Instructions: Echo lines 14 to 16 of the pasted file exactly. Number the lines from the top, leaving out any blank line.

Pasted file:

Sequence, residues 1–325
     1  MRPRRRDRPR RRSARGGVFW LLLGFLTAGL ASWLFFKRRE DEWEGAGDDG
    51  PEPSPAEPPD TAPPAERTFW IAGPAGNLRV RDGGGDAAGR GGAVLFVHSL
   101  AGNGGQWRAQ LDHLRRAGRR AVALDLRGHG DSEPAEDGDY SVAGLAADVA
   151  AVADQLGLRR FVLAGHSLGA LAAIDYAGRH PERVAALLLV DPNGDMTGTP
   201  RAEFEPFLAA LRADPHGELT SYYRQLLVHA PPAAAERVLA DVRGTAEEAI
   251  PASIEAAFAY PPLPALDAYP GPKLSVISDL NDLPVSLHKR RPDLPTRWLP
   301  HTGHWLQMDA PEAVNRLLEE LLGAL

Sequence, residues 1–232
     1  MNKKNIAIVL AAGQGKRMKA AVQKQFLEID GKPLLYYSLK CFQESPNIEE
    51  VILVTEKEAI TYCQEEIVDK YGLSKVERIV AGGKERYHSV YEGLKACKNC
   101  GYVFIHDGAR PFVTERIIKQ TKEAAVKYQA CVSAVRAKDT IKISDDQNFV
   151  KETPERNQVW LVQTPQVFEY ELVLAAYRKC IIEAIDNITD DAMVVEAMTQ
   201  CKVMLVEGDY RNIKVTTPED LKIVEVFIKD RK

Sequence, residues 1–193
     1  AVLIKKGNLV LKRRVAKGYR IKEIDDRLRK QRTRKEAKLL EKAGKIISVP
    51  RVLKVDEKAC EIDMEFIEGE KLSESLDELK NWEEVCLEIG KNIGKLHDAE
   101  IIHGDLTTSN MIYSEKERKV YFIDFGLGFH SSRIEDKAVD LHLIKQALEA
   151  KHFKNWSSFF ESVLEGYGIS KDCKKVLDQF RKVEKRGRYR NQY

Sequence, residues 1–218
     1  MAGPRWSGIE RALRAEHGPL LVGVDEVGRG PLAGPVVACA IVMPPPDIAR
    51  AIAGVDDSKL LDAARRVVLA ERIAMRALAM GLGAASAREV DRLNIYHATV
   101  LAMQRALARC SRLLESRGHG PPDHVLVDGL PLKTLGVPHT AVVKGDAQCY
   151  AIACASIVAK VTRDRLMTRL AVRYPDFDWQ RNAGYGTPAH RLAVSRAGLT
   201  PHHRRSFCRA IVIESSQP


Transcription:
   201  CKVMLVEGDY RNIKVTTPED LKIVEVFIKD RK

Sequence, residues 1–193
     1  AVLIKKGNLV LKRRVAKGYR IKEIDDRLRK QRTRKEAKLL EKAGKIISVP